Last updated April 18, 2016.
Drupal core is officially supported for two major releases, so when Drupal 8 is released Drupal 6 will no longer be supported. It is requested that contrib projects are supported with a similar plan, i.e. that Drupal 6 modules & themes be supported at least until Drupal 8 is released.
That said, it can be a bit of a struggle to maintain themes, modules and distributions for two major releases of Drupal core. As development of the next major release of core picks up momentum it is common for contributors of contrib projects to get involved in core or otherwise reduce the amount of time spent maintaining their projects for older Drupal releases.
So, what is the best practice for dealing with the older projects?
If you don't want to maintain a branch, the requested way to handle it is to:
- Add a note to the project page clearly saying that the branch & releases for the older Drupal version are no longer supported by the current maintainer(s), and that new co-maintainer(s) are being sought to help manage them.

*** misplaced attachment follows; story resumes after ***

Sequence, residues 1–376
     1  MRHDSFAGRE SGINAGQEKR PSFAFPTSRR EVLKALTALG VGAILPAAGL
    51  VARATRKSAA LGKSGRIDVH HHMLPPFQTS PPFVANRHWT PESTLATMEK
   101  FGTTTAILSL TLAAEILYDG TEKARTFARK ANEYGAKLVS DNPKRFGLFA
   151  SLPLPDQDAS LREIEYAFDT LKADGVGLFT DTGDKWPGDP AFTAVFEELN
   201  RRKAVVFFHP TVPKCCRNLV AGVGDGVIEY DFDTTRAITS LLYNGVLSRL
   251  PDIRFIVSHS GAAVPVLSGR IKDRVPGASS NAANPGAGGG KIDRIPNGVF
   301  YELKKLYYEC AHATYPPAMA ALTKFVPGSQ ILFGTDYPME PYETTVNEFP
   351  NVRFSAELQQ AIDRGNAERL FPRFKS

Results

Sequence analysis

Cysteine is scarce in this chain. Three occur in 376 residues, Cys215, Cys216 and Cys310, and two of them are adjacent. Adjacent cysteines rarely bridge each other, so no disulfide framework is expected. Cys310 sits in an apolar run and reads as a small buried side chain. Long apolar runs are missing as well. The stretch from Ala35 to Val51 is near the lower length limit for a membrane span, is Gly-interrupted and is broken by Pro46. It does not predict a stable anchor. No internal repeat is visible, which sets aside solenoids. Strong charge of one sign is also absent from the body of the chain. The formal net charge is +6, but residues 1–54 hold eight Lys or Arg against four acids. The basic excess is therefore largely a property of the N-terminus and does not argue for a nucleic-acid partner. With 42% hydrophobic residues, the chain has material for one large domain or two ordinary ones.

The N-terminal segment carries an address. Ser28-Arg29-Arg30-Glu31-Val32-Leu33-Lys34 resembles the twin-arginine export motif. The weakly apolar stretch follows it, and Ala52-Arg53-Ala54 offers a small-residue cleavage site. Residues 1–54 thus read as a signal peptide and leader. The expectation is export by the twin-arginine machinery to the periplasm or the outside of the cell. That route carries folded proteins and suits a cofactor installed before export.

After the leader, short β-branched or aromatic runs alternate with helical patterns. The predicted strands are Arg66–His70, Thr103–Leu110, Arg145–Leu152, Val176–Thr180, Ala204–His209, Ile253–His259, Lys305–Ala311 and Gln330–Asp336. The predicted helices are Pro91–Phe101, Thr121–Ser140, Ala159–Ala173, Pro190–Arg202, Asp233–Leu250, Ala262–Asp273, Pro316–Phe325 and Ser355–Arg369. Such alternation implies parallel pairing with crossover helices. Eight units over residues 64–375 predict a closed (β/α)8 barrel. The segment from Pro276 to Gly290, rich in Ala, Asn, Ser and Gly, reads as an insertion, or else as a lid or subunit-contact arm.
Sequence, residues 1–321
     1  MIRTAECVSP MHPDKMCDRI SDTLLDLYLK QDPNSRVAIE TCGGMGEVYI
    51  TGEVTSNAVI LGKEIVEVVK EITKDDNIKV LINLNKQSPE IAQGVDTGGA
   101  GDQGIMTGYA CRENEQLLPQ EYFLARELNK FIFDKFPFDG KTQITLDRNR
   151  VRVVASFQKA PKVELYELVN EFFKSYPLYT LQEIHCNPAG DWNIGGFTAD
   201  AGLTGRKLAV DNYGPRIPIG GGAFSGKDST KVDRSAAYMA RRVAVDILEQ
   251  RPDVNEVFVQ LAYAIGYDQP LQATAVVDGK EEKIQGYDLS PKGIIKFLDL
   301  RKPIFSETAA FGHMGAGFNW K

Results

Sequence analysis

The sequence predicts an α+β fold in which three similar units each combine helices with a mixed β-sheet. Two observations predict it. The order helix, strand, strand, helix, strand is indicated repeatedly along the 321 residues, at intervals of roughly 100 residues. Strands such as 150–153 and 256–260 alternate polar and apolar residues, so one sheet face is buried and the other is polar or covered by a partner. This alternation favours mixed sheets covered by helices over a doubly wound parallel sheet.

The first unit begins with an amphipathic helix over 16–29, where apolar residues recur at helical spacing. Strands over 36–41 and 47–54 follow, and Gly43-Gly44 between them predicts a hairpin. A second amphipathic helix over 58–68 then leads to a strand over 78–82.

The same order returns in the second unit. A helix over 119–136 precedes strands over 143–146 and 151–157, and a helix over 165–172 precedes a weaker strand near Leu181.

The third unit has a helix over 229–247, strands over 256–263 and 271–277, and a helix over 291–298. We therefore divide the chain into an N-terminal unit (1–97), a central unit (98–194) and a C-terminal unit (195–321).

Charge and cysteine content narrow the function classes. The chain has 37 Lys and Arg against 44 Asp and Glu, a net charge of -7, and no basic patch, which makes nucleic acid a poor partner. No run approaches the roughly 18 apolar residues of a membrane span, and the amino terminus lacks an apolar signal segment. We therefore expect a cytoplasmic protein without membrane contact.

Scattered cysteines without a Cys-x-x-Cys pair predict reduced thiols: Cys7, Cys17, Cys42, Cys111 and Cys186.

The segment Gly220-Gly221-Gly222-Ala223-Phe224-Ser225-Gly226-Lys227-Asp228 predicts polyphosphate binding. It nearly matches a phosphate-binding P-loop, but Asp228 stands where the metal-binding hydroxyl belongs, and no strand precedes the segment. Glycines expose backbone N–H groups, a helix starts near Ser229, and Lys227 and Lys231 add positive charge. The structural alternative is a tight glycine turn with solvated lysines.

- Switch the project's Maintenance status to Seeking co-maintainer(s).
- Change the Recommended major version for that branch to None.
- Ignore issues for the deprecated branch and unsupported releases.
- Note: please do not mass close issues on the unsupported versions as it makes it harder for anyone who wants to take over maintaining the old versions.
- Releases should ideally be moved from supported to unsupported on Wednesdays to give site admins time to react during the work week. Unsupporting a release may have security implications, so it is best to change support status in coordination with security release timing.
- For bonus points, wrap up a new release for anything that is safe and marked RTBC.